Speaker John Boehner on Friday will introduce a resolution giving the Obama administration 14 days to provide Congress with a justification for involvement in the Libyan revolution, a bid by the GOP to make an end run around a more forceful Democratic demand for an end to U.S. operations.
The House will vote on the measure Friday as well.
Boehner outlined the resolution in a meeting with his members Thursday, Republicans said. The resolution would assert that the White House has not yet sought authorization for the war and Congress has not granted that authority. It would also reiterate opposition to sending in ground troops.
Currently, the U.S. is participating in a NATO-led mission by conducting air strikes on Libyan government and military positions, an operation that began as an attempt to prevent dictator Moammar Gadhafi from attacking his own citizens.
According to one source, Boehner pushed back against GOP support for a stronger resolution authored by Rep. Dennis Kucinich (D-Ohio). That resolution would have required the U.S. to cease participating in the Libyan conflict in 15 days.
Boehner argued that it would be politically dangerous to essentially turn over the floor to Kucinich, this source said.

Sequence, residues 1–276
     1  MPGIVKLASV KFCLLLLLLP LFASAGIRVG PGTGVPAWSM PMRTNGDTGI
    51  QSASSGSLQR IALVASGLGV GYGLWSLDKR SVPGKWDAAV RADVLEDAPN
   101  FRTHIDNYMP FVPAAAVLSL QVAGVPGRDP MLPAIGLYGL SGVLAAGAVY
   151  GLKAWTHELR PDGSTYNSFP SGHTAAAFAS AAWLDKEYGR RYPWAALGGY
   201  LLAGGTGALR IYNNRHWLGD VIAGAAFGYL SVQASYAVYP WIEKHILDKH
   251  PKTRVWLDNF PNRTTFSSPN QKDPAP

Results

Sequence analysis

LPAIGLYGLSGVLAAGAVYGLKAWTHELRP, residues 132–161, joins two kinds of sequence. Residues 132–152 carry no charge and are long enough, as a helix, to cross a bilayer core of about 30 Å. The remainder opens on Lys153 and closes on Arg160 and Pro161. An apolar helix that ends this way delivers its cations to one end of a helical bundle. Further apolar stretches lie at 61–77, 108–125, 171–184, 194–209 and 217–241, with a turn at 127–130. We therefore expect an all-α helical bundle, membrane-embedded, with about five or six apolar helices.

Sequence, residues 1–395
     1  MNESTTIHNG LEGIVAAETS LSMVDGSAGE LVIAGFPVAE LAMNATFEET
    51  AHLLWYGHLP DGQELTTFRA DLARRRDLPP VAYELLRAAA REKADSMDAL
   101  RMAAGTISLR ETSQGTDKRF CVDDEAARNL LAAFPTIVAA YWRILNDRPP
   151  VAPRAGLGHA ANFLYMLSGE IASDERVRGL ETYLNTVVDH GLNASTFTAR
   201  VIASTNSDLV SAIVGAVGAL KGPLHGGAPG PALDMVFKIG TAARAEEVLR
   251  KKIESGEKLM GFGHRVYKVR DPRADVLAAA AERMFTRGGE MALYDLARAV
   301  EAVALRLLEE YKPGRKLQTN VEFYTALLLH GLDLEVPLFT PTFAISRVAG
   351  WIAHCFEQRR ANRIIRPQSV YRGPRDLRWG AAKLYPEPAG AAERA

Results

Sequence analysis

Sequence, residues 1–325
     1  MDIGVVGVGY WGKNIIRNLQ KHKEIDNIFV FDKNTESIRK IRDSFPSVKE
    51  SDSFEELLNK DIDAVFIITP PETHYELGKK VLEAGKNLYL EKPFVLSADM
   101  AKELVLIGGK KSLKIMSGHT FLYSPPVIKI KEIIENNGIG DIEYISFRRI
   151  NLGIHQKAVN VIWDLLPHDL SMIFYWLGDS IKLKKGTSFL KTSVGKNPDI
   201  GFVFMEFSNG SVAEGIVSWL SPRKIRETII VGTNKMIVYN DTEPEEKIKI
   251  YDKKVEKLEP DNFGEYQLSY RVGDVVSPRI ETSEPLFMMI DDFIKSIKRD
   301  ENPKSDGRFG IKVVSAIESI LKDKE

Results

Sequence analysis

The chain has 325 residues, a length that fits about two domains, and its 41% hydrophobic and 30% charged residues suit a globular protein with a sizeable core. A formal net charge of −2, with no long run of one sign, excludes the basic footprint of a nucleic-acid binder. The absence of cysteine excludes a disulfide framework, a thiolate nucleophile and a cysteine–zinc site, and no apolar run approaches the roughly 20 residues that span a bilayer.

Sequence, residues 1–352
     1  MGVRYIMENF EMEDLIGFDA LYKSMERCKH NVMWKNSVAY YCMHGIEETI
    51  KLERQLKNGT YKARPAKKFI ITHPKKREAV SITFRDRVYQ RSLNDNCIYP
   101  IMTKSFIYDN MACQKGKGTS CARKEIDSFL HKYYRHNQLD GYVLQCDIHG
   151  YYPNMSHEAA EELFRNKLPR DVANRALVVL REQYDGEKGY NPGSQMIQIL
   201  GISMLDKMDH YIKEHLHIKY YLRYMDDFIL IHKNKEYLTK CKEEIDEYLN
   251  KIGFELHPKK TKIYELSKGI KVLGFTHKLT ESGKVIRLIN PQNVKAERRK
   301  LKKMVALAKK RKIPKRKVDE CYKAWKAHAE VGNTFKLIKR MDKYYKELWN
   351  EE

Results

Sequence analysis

Republicans indicated Boehner’s alternative had received a positive reception. Rep. Renee Ellmers said she thought the resolution was a good solution.
“It answers the questions a lot of us have. ... The Speaker has put together a good piece of legislation,” the North Carolina Republican said.
Rep. Steve Chabot (R-Ohio), chairman of the House Foreign Affairs Subcommittee on the Middle East and South Asia, agreed: “In the situation we find ourselves in now, I think it’s appropriate.”
The resolution appears to have sucked some of the momentum out of Kucinich’s sails. When asked whether he thought Republicans may vote for both his and Boehner’s bills, Chabot said, “I think there will be some, but it won’t be a huge number.”
Rep. Dan Burton (R-Ind.), a co-sponsor of Kucinich’s bill, declined to say whether he would vote for it. “I’ll have to talk to you about that later,” he told reporters.
Senate Minority Leader Mitch McConnell, R-Ky., carries a musket on stage as he speaks during the American Conservative Union's Conservative Political Action Conference (CPAC) at National Harbor, Md., on Thursday March 6, 2014.